Boat owner in fatal accident seeks limit on liability

After the Kandi Won was raised from the

After the Kandi Won was raised from the bottom of Oyster Bay, authorities pumped out water that was in the cabin cruiser. (July 11, 2012) Photo Credit: Chris Ware

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A lawyer has kicked off the anticipated legal battle over the July Fourth 2012 Oyster Bay boat accident by trying to limit liability against the owner of the vessel in which three children drowned.

Even though no lawsuits against his client have been filed, James E. Mercante, the New York maritime attorney for Kandi Won owner Kevin Treanor of Dix Hills, submitted papers last Thursday in federal court in Brooklyn as a pre-emptive move. He seeks a ruling from the U.S. District Court for the Eastern District of New York that any claims against Treanor be heard in that court under admiralty law.

"This is clearly an admiralty case," Mercante said in an interview, and attorneys cannot legally challenge the jurisdiction of that court if a judge approves his motion. Under admiralty law, attorneys can only contest the claim for limited liability or the value of the vessel after the accident or try to prove negligence on the part of the owner, Mercante and other maritime attorneys said.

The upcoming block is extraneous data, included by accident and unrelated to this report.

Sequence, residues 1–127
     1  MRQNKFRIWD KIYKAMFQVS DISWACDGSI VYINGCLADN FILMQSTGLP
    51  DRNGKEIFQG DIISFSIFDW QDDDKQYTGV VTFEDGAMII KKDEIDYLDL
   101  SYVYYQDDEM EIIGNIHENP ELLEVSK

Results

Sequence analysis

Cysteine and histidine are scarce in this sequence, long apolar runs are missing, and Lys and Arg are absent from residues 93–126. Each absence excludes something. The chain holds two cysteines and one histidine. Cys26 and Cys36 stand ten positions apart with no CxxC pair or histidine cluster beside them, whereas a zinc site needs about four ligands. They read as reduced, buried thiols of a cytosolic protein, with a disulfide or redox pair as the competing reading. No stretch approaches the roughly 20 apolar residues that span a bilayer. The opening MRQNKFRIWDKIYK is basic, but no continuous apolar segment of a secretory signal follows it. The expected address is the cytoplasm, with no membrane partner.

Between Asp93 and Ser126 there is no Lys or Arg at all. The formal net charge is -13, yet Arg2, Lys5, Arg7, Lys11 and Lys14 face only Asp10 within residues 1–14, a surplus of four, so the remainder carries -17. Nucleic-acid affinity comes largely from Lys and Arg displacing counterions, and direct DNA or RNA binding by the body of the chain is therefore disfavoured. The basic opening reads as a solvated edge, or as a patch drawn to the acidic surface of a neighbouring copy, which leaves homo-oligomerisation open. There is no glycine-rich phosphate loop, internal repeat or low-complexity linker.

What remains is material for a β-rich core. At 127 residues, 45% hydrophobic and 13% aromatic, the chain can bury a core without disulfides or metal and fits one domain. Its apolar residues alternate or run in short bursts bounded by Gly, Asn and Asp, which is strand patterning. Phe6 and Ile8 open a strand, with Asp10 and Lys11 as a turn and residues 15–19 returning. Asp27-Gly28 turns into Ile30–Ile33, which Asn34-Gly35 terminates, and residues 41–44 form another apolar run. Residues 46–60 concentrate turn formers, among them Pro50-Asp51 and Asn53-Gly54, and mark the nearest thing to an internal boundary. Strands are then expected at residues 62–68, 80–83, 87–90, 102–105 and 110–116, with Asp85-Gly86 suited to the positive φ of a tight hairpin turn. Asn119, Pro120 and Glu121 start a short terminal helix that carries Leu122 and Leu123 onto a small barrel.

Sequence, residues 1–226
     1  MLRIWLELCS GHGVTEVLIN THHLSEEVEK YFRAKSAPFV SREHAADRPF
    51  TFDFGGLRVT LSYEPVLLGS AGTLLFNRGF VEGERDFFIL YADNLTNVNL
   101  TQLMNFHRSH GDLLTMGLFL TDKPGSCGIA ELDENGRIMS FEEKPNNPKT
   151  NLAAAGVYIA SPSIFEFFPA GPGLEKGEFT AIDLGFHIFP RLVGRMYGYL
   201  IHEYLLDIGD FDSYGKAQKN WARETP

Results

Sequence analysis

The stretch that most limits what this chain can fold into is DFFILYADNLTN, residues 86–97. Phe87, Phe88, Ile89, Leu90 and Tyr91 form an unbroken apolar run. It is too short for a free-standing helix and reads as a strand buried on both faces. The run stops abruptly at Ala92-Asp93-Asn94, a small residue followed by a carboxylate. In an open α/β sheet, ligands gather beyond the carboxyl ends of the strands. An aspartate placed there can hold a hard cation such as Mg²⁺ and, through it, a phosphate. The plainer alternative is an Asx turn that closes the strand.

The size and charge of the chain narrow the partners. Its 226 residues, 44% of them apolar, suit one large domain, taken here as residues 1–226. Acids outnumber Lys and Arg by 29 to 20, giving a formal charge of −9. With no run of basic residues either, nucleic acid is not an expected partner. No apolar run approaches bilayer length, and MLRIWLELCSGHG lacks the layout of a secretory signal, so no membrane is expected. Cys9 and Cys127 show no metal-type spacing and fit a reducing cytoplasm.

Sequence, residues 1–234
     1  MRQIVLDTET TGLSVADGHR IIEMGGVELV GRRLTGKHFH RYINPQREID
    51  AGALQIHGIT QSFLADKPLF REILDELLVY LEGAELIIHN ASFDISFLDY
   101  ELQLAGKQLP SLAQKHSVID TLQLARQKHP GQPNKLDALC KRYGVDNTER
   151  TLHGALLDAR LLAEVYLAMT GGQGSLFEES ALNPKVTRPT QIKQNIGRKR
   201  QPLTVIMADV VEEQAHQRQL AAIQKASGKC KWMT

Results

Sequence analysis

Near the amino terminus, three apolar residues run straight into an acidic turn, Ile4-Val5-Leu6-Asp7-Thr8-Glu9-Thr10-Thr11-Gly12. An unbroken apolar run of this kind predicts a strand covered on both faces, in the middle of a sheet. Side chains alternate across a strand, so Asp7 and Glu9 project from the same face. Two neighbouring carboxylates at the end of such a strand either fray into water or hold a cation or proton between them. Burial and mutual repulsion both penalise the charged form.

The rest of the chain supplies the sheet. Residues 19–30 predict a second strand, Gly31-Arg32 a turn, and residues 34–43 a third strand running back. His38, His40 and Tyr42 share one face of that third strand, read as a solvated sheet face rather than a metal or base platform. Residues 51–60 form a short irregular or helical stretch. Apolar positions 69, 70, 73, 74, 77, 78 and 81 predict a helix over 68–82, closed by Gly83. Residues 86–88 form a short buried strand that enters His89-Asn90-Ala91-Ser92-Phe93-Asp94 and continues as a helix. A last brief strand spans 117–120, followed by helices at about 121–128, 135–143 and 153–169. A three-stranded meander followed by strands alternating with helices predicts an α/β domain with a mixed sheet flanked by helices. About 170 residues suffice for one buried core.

If the liability limit is not successfully challenged by attorneys for anyone suing Treanor, his monetary liability would be limited to the cash value of the 34-foot Silverton cabin cruiser after it sank. Mercante included an appraisal from a marine surveyor stating the recovered hull is now worth only $1,500.

The liability limit can be exceeded if it is shown in court that the owner was aware of a problem with the boat or was otherwise negligent, maritime attorneys said. If families of those who died want to sue other parties they could still do that, they added.

Attorney Michael Della, who represents Paul and Lisa Gaines, whose daughter Victoria died in the accident, said he had no comment.

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Admiralty law and the limit-of-liability language dates to 1851 and has been used in many celebrated nautical disasters, including the 1912 sinking of the Titanic, in which liability was limited to the value of its lifeboats.

Often in these cases, the owner was not on the vessel at the time, which makes it more likely the limit of liability will be imposed, maritime experts said. In the Kandi Won case, Treanor was on board, although he was not steering the boat.

The Nassau County district attorney's office issued a report in July stating that overloading with 27 people aboard was the primary cause of the accident.

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